|Publication number||US4670009 A|
|Application number||US 06/723,912|
|Publication date||Jun 2, 1987|
|Filing date||Apr 16, 1985|
|Priority date||Apr 16, 1985|
|Also published as||CA1272093A, CA1272093A1|
|Publication number||06723912, 723912, US 4670009 A, US 4670009A, US-A-4670009, US4670009 A, US4670009A|
|Inventors||Karl D. Bullock|
|Original Assignee||American Hospital Supply Corp.|
|Export Citation||BiBTeX, EndNote, RefMan|
|Patent Citations (4), Referenced by (113), Classifications (12), Legal Events (8)|
|External Links: USPTO, USPTO Assignment, Espacenet|
A catheter includes an elongated catheter body adapted to be inserted, for example, into a vein or an artery for various medical purposes. The catheter body has one or more lumens, and each of the lumens is adapted to perform a different function. For example, the lumens may carry conductive leads, provide for inflation and deflation of a balloon, carry medication or other substances for infusion into the patient, sample body fluids, or be used in the measurement of blood pressure or the like. Because each lumen performs a different function, it is common practice to couple each of the lumens to different locations or connectors with extension tubes.
One common way to couple the extension tubes to the proximal end of the catheter body would be to bond the extension tubes to a plastic adapter which in turn is bonded to the catheter body. This technique is very labor intensive and requires long staging times for drying of the adhesive. In addition, the adhesive may flow into one or more of the lumens and cause a partial or complete blockage.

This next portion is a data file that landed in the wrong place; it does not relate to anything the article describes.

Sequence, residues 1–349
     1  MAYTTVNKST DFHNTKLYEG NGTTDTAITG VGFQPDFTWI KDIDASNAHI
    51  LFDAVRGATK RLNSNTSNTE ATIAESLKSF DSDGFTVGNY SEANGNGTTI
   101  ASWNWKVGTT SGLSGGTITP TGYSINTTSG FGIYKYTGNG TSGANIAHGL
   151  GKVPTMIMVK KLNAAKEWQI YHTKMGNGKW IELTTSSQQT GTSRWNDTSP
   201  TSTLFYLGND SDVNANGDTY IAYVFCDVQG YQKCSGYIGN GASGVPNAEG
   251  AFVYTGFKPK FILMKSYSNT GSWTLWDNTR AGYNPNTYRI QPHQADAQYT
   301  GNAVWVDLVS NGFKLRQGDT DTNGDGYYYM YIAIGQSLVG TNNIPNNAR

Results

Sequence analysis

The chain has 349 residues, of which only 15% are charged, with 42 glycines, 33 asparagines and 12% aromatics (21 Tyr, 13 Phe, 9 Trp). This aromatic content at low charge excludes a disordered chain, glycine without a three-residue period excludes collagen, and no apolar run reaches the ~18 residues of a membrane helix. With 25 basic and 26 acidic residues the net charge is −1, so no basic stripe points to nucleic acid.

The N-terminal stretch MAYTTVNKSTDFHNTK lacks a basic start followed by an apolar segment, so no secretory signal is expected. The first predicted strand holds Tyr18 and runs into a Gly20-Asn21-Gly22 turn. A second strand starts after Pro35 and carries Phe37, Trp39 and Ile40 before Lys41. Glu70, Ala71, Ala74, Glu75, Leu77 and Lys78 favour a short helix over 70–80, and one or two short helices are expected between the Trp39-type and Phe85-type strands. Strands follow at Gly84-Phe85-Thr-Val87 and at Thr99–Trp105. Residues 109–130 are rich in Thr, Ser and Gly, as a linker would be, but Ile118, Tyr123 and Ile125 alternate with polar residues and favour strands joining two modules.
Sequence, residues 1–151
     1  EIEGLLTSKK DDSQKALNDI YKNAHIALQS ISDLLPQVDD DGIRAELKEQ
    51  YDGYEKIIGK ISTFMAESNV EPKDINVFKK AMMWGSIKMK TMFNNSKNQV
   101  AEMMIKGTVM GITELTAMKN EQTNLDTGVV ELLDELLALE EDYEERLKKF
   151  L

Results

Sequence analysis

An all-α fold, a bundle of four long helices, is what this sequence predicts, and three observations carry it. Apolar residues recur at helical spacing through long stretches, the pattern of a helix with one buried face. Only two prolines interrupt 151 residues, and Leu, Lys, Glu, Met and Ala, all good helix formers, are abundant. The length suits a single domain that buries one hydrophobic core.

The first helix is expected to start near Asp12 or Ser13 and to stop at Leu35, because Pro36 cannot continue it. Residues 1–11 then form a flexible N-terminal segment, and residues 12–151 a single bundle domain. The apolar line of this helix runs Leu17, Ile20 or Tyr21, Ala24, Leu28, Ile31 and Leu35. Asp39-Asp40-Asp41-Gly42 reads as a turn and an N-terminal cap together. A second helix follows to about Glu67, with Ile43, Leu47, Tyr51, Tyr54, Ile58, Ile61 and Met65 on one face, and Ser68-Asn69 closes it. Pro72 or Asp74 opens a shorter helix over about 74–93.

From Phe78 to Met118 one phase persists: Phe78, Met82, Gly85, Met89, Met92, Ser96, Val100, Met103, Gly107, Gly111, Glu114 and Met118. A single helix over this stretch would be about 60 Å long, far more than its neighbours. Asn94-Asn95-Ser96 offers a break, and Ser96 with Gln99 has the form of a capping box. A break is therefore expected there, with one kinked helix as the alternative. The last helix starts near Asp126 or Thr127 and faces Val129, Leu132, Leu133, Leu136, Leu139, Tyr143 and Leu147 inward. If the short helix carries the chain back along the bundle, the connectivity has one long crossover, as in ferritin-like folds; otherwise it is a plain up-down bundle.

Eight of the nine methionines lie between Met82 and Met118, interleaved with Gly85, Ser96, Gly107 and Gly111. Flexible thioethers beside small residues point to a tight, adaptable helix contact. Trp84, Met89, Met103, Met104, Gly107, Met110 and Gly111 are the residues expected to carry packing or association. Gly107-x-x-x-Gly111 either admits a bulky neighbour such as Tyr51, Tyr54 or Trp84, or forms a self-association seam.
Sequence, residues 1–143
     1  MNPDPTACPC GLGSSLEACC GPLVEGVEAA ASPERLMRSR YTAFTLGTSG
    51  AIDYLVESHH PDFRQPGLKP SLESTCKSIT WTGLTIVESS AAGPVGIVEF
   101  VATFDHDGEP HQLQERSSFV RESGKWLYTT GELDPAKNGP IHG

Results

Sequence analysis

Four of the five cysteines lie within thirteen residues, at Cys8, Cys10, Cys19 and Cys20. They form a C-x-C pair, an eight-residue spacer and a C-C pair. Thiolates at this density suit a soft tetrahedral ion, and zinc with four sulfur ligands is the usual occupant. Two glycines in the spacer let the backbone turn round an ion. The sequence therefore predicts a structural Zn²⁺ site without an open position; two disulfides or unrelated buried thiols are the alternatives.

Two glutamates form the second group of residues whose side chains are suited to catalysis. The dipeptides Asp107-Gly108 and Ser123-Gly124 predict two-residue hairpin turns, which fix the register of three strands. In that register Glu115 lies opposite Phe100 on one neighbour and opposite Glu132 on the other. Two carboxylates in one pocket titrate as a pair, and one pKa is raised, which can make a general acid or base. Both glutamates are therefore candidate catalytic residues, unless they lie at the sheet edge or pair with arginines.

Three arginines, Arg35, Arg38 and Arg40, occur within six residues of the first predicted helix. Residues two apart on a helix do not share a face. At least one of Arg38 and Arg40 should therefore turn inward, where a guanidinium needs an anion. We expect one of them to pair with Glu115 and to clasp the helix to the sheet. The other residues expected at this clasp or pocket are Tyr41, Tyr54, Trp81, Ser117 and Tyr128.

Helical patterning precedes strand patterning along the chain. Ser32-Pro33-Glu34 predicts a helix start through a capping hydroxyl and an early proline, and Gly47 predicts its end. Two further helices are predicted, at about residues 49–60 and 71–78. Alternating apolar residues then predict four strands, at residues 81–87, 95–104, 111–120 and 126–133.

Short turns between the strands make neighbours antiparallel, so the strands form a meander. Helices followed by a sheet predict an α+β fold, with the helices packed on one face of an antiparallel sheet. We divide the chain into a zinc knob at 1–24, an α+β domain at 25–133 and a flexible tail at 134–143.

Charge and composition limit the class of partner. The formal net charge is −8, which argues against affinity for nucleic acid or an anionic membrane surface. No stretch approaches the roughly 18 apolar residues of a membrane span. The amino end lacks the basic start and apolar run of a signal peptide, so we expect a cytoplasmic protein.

To eliminate the bonding, wire mandrels can be inserted through each of the extension tubes and into the associated lumen of the catheter body. A coupling body can then be injection molded around the extension tubes and a proximal portion of the catheter body to join the extension tubes to the catheter body. The mandrels are then removed to provide passages in the coupling body leading from the extension tubes to the associated lumens.
Unfortunately, this molding process is unable to accommodate the normal tolerance variations in outside diameters of the extension tubes and catheter body. Consequently, relatively large diameter extension tubes or catheter bodies tend to melt in the mold, and the relatively small diameter extension tubes and catheter bodies permit the plastic being injection molded to "flash" out of the mold along the outside of the extension tubes and/or catheter body. In addition, contacting the hot plastic used for injection molding directly onto the catheter body and extension tubes tends to cause kinking or lumen collapse during normal use of the catheter. Finally, this technique required a separate mold for each catheter having a different number of lumens.
This invention provides an extension tube to catheter body coupling and a method which overcome these problems and achieve various other advantages. The coupling includes an insert having a passage extending therethrough for receiving a portion of the extension tube. A main body receives at least portions of the insert and a proximal region of the catheter body for use in retaining the extension tube, insert and catheter body together. The main body has a passage for use in joining the passage of the extension tube to the associated lumen so that the extension tube communicates with the lumen.